MORE and more retailers are choosing New York as the site of their flagship locations. According to a recent

retail report by the Real Estate Board of New York, over 50 flagships now decorate Manhattan streets,with

more signing on every day.

“2005 is the year of the flagship,” proclaimed Faith Hope Consolo,queen of city retail. “It ‘s been an extravaganza of Flagships.”

Consolo,Chairman of the Retail Leasing and Sales Division of Prudential Douglas Elliman,says flagships are “all about the vision and the excitement.”

Chris Owles,managing director of Sinvin Realty, says many of the “true ” flagships are created along Fifth and Madison Avenues where the rents are partly subsidized by the advertising budgets,because the tab can easily be $1,000 a foot.

“I ‘ve never heard of a place doing $10,000 a foot, and that ‘s what you want in sales to cover the costs of a

regular store,” Owles explained.

Corey Zelnik president in Winick Realty Group, quipped, “Call anybody at Nike and they will say the store on 57th their best, but who knows if they are making money?”

Steven B.Greenberg President of his eponymous company that acts as real estate advisors to leading retailers says he is always cautious about flagships. “The word flagship is overdone,” said Greenberg. “They are usually bigger than they should be and are often losing money.”

On Fifth Ave.he pointed to the huge Hugo Boss store that he says won ‘t ever make money. “It was a mausoleum

to the company president and the company will suffer with it for a long time,” said Greenberg.

Zelnik believes marketing comes first because when retailers advertise in magazines,they must be able to state they are located in the retail capital of the world.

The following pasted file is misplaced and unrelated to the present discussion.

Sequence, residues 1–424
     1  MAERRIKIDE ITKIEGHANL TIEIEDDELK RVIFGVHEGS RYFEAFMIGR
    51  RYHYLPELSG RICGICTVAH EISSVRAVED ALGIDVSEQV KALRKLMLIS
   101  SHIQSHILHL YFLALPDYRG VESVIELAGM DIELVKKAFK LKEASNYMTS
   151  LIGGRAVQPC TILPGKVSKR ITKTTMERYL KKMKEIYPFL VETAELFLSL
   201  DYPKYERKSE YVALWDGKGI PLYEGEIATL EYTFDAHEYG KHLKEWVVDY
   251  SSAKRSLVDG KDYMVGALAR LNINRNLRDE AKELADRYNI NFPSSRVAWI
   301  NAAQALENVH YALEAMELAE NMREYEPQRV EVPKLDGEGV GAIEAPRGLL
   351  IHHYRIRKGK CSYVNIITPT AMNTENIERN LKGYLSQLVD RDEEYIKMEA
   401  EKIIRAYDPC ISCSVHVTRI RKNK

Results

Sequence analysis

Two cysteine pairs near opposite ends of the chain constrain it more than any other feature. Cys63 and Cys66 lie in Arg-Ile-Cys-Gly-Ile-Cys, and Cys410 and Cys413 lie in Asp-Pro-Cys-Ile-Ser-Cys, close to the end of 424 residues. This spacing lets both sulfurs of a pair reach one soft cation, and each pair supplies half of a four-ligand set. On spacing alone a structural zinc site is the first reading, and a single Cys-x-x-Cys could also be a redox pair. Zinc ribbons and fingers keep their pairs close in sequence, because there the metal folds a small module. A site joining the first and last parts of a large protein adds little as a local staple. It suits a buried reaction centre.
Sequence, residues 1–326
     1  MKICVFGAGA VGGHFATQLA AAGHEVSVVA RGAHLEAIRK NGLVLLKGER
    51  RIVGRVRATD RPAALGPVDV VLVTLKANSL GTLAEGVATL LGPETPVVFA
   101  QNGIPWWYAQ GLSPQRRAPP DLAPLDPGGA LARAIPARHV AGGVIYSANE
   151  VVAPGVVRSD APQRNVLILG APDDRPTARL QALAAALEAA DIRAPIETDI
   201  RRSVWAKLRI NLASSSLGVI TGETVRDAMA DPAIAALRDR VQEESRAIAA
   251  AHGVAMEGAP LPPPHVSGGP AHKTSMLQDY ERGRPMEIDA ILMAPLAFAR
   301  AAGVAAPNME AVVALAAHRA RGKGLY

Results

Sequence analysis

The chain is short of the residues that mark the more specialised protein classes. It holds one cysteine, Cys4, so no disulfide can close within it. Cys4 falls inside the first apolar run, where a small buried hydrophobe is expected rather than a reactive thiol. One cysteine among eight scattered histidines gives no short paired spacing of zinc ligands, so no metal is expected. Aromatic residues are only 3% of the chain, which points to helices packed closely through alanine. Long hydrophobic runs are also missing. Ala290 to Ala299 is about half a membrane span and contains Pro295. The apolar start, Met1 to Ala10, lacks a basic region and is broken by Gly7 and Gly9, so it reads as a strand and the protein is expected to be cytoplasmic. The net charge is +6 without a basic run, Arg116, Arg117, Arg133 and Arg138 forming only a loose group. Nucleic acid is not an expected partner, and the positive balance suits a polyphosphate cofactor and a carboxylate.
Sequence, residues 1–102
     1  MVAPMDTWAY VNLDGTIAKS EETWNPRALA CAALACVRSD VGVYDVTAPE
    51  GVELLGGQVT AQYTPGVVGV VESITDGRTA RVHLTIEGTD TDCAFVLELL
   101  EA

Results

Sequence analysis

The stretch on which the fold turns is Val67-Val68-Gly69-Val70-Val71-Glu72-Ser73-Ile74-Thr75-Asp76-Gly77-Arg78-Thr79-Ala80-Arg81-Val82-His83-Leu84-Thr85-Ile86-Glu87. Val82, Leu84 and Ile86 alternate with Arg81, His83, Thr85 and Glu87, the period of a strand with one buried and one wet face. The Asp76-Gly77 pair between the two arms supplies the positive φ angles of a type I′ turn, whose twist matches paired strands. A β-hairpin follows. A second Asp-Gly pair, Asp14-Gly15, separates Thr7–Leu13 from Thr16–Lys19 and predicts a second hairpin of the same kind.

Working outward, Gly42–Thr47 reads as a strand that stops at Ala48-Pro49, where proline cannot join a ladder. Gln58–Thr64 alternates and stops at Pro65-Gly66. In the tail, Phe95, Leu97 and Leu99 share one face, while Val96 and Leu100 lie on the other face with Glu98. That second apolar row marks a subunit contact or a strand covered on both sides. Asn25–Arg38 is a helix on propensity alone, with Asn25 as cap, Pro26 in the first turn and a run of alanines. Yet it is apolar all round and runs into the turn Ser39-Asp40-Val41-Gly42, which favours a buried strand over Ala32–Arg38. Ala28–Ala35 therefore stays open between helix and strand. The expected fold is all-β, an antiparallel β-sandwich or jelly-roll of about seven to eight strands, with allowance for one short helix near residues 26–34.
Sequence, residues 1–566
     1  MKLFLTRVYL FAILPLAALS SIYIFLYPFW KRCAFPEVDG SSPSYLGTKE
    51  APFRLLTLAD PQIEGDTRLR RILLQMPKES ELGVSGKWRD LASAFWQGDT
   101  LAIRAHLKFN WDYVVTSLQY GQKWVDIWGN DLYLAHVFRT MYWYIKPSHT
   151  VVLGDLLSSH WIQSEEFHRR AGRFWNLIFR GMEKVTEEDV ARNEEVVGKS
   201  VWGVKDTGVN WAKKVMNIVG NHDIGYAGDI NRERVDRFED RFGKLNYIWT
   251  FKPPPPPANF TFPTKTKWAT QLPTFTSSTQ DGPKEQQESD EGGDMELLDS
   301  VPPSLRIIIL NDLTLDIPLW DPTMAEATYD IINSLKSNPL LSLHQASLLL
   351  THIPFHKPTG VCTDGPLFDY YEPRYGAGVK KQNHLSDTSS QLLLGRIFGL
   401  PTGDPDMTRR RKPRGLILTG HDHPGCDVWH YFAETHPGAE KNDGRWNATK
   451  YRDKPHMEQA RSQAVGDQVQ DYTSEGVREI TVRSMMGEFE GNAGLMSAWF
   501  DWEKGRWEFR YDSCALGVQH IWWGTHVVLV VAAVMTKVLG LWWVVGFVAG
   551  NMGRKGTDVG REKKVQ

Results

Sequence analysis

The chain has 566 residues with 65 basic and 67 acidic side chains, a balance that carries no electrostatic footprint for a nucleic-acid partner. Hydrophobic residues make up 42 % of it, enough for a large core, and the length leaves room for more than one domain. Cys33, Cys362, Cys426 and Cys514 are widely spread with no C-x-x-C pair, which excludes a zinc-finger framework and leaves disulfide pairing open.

These stores may not make money but they are always luxurious,designed by prominent architects and have glamorous finishes. “None of them can make a statement outside of their own store and frankly,bigger is better,” believes Consolo.

Consolo just worked both sides of a deal to expand Searle ‘s flagship at 635 Madison into 25,000 feet on three


In SoHo,she and her team just dropped Belstaff into 15,000 square feet at 382 W. Broadway for its first U.S. store and flagship. Companies may also want to capture Wall Streets movers and shakers with a flagship,said Jeffrey Roseman executive vice president of Newmark Retail.

“Anytime a company is going public they think of creating a city flagship,” said Roseman.

Many years ago,Lechter ‘s had stores of 2,500 feet,but before it went public,Roseman helped lease a 25,000

foot store on the corner of 57th St.and Broadway. “It was not your cookie cutter store,” said Roseman of the kitchen goods firm that later went bankrupt. “As visible as a high profile success might be,it ‘s also as visible as a failure, and there have been some companies that have retreated,” said Roseman..

Nevertheless,he ‘s a big booster of city locations for stores that need to make a statement.Roseman was involved in Whole Foods first city venture in Chelsea on Seventh Ave.

“They had locations out of town but when they opened in New York they were on the cover of every magazine,” said Roseman. “Look at H&M when they decided to come to the states for the first time,” Roseman noted. “Where are they going to go?Ohio?”

Mall developers also walk the streets to see the latest stores in case they want them in their properties. Owles pointed to Theory, which leased a building at 40 Ganesvoort the Meatpacking District,for their offices and showrooms as well as a retail store.

“When you have a store at corner of Broadway and 42nd or Fifth Ave.and 57th it ‘s seen by millions of people and it is a billboard,” said Roseman. “It gets everyone ‘s attention.”